The actions and the metabolism of thyroid hormone are intracellular events that require the transport of iodothyronines across the plasma membrane. It is increasingly clear that this process does not occur by simple diffusion, but is facilitated by transport proteins. Only recently have iodothyronine transporters been identified at the molecular level, of which organic anion transporting polypeptide 1C1 and monocarboxylate transporter 8 (MCT8) deserve special mention, because of their high activity and specificity for iodothyronines. Organic anion transporting polypeptide 1C1 is almost exclusively expressed in brain capillaries, and may be crucial for the transport of the prohormone T 4 across the blood-brain barrier. MCT8 is also expressed in the brain-in particular, in neurons-but also in other tissues. MCT8 seems to be especially important for the uptake of active hormone T3 into neurons, which is essential for optimal brain development. T3 is produced from T4 by type 2 deiodinase in neighboring astrocytes. Neurons express type 3 deiodinase, the enzyme that terminates T3 activity. The SLC16A2 (formerly MCT8) gene is located on chromosome Xq13.2 and has recently been associated with a syndrome combining severe, X-linked, psychomotor retardation and high serum T3 levels. In over 20 families, where affected males have developed this syndrome, several mutations in MCT8 have been identified. The disease mechanism is thought to involve a defect in the neuronal entry of T3 and, therefore, in the action and metabolism of T3 in these cells. This defect results in impaired neurological development and a decrease in T3 clearance.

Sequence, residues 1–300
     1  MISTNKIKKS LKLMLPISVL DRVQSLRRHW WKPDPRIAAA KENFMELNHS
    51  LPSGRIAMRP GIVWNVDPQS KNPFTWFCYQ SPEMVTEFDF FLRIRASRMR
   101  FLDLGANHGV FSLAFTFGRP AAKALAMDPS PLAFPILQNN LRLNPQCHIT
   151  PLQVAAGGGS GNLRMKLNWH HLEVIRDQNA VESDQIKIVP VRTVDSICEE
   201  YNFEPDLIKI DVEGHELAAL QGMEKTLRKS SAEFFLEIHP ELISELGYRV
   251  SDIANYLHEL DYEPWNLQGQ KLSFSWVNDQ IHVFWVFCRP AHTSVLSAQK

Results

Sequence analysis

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Nature Clinical Practice Endocrinology and Metabolism
Department of Internal Medicine

Friesema, E.C.H, Jansen, J, Heuer, H, Trajkovic, M, Bauer, K, & Visser, T.J. (2006). Mechanisms of disease: Psychomotor retardation and high T3 levels caused by mutations in monocarboxylate transporter 8. Nature Clinical Practice Endocrinology and Metabolism (Vol. 2, pp. 512–523). doi:10.1038/ncpendmet0262